A couple of weeks ago, I went out to get a few beers with a friend of mine. He's working for a big corporation, but over the last year has become really interested in startups.
In his spare time, he's reading TechCrunch, watching This Week in Startups, and day dreaming about starting a business of his own.
But the thing is, he isn't quite ready to make the big leap yet.
For now, he just wants to meet new people, learn about their experiences… and yet he's not really doing this…
Does this sound like someone you know? What about yourself?
I've heard this story so many times before, and I'm tired of explaining how easy it is to participate. I had to write this post.
Why? Because here's a CRAZY THOUGHT!
What if all these passive observers stop surfing the Web and actually get involved in their local startup communities? Wouldn't that be awesome?
I believe that the world would become a much better place.
So if it's you who needs this — read on! And if it's someone you know — send them here!
Because here are the five easy-as-hell ways to get started.
1. Join Conversations Online
Reading blogs and watching videos is great. Now it's time to start talking, engaging and building relationships.
Without a doubt, Twitter is the best place to start.
Twitter is the most open social network, and it feels a lot like a cocktail party. You're welcome, even expected, to interact with people you don't know.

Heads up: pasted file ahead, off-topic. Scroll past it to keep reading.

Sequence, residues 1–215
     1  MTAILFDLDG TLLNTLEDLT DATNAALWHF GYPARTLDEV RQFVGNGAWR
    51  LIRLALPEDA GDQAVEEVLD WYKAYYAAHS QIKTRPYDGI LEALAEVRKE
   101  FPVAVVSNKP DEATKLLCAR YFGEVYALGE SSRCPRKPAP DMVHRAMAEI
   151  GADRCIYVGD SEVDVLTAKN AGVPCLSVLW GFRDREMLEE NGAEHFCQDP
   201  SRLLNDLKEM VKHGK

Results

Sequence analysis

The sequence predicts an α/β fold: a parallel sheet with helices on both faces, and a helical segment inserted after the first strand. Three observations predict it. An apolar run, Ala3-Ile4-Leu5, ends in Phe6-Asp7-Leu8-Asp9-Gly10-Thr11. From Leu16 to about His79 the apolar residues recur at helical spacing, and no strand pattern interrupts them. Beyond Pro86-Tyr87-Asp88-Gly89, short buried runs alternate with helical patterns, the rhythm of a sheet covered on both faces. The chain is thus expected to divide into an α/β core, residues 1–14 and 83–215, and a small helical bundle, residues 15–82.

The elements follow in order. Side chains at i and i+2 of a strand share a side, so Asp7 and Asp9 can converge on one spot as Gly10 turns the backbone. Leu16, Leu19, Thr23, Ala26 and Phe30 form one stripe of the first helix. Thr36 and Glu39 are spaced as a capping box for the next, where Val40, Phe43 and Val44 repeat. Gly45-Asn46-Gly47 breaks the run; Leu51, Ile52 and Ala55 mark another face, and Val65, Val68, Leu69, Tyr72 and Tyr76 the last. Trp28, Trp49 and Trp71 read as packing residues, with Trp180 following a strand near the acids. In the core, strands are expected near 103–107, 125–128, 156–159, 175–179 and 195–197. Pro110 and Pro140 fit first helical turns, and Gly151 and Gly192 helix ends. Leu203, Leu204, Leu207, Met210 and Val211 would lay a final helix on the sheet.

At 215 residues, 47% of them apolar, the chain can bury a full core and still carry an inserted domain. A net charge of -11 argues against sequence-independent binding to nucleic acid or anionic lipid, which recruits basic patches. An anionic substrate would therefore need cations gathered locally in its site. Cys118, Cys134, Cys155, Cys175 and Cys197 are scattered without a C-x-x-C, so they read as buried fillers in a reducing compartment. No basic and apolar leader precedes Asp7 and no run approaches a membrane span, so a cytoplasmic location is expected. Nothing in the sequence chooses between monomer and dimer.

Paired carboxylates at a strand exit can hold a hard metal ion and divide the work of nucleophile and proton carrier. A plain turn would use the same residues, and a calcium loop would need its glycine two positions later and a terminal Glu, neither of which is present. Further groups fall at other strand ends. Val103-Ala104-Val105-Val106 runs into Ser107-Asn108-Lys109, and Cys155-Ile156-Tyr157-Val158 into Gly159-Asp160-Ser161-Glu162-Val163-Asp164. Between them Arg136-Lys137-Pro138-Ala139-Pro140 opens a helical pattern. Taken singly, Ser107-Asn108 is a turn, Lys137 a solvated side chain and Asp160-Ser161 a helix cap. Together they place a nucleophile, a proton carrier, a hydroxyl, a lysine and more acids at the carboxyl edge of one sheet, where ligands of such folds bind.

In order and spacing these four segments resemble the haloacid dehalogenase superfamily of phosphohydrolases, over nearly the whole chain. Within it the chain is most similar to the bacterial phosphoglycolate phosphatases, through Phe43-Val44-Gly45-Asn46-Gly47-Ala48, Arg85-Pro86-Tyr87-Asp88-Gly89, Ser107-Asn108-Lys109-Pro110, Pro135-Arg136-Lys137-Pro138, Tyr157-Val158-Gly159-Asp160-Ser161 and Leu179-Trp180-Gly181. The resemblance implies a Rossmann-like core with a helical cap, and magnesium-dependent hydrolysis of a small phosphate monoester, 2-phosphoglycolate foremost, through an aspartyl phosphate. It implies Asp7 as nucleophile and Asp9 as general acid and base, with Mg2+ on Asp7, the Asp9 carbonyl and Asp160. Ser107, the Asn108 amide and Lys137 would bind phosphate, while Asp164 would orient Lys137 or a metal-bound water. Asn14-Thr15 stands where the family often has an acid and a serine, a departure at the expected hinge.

Follow your heroes, follow anyone they talk to, follow bigger and smaller names in your city and start talking to ALL of them.
What to talk about? Anything! Ask questions, reply to their thoughts, comment on the links they're sharing… Just don't be mute.
Trust me that nobody's gonna judge you unless you're being an ass. On the contrary, soon enough you'll make a few genuine connections within your local (and global) startup scene.
"...Wait Misha, didn't you just say that surfing the Web is bad?"
Being a passive observer is bad. Being a participant isn't.
Getting active on Twitter is a fantastic first step because when you meet people in real life, you won't need to break the ice.
2. Go to a Meetup
Meetups are community-organized events in your city. They are mostly interest-based, free (or cheap) to attend, and open to anyone. This means no barriers of entry for newcomers.
Meetup.com is the main site for hosting and discovering such events. If you've never heard of it before, you're in for a treat!
In my opinion, Meetup.com is one of the greatest things that have happened on the Internet since the beginning of the Internet.
It's as cool as Twitter because it's all about making connections and learning new things. But it's better than any social network because you're pushed to interact with real people in real life.
Here's some homework for you. For the next month, instead of watching TV after work, browsing the web, or whatever else you're doing to murder your braincells, go to a meetup about startups.
3. Sign up for a Startup Weekend
Having fun talking to people online and going to meetups? Time to take it up a notch!
Startup Weekend is a global initiative that brings together aspiring entrepreneurs — developers, designers and marketers — and challenges them to execute on their ideas.